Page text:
Edmonton Property Crime Lawyers Serving Alberta and Western Canada
March 6, 2023
- Slaferek Callihoo – This law firm has a team of experienced criminal lawyers who specialize in defending clients facing property crime charges in Edmonton and throughout Alberta.
- Chadi & Company – This law firm has a reputation for aggressive defense strategies and has successfully represented clients facing all types of property crime charges in Alberta and Western Canada.
- Bottos Law Group – This law firm has a team of experienced criminal lawyers who have successfully defended clients facing property crime charges in Edmonton and across Western Canada.
When looking for a property crime lawyer in Edmonton or anywhere in Alberta or Western Canada, it’s important to choose a lawyer or law firm that has the experience and a proven track record of success in handling similar cases. It’s also a good idea to schedule a consultation with the lawyer or law firm to discuss your case and ask any questions you may have before deciding to hire them.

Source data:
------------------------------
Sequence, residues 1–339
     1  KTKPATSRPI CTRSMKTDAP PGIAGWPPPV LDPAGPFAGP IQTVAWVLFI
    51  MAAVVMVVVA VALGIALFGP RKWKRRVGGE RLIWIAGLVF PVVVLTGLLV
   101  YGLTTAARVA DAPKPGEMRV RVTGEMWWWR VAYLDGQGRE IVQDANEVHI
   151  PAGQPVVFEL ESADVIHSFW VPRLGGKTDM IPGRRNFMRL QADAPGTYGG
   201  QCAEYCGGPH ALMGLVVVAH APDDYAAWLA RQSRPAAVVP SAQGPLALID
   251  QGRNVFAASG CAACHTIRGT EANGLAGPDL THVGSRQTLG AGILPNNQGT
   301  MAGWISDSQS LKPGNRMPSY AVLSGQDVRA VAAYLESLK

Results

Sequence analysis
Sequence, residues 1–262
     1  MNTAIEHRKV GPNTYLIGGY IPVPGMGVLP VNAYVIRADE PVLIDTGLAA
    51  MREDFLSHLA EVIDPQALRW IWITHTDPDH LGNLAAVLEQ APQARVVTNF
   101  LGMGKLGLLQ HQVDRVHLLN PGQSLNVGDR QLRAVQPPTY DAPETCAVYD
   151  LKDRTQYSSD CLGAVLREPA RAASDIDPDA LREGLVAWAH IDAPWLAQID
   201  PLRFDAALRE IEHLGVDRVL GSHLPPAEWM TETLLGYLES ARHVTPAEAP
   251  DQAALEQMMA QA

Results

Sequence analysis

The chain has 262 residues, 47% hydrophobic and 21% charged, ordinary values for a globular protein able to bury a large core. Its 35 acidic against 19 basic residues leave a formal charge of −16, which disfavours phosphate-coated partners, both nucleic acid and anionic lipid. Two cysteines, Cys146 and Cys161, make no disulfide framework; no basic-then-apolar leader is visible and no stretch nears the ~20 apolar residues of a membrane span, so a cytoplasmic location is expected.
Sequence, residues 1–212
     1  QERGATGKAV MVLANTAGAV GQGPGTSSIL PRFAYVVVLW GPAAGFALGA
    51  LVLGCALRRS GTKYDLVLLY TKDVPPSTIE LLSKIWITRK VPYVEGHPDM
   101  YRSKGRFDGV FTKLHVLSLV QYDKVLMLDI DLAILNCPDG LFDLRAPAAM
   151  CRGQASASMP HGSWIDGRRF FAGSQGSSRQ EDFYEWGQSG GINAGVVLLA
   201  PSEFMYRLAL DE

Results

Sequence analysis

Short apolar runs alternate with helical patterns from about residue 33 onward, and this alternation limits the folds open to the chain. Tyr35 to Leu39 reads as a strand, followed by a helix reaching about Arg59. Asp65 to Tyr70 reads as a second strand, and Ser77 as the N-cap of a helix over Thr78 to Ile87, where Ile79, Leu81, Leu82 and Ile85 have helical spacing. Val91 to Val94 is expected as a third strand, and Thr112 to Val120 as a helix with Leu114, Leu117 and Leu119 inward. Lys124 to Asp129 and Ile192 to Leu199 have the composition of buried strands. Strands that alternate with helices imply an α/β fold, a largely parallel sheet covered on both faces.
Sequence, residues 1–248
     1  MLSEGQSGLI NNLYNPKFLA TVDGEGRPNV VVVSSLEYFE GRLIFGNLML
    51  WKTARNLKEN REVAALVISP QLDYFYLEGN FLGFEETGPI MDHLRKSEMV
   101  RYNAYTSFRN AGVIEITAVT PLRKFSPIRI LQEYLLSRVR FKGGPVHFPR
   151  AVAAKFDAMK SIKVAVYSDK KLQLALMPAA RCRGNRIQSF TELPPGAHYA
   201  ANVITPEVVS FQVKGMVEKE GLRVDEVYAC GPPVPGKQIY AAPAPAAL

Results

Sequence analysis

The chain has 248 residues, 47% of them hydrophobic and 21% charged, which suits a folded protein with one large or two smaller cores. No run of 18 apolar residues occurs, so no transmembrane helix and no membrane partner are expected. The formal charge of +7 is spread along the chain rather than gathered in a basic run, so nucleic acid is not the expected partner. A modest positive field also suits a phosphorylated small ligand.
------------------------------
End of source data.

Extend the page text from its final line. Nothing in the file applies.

Types of Property Crimes
Property crimes refer to offenses that involve the unlawful taking or destruction of property belonging to another person or entity. Here are some common types of property crimes:
- Theft: This is the most common type of property crime and involves taking property without the owner’s consent. Theft can be further divided into categories such as grand theft, petty theft, and larceny.
- Burglary: This involves unlawfully entering a building or structure with the intent to commit a crime, usually theft. Burglary can be classified as residential burglary or commercial burglary, depending on the type of structure involved.
- Robbery: This is a theft crime that involves the use of force or threat of force against the victim to obtain property. Robbery can be classified as armed robbery or unarmed robbery, depending on whether a weapon was used.
- Vandalism: This involves intentionally damaging or destroying property belonging to another person or entity. Vandalism can include graffiti, keying cars, breaking windows, or other forms of property damage.
- Arson: This is a property crime that involves setting fire to the property with the intent to damage or destroy it. Arson can be classified as first-degree arson or second-degree arson, depending on the circumstances of the crime.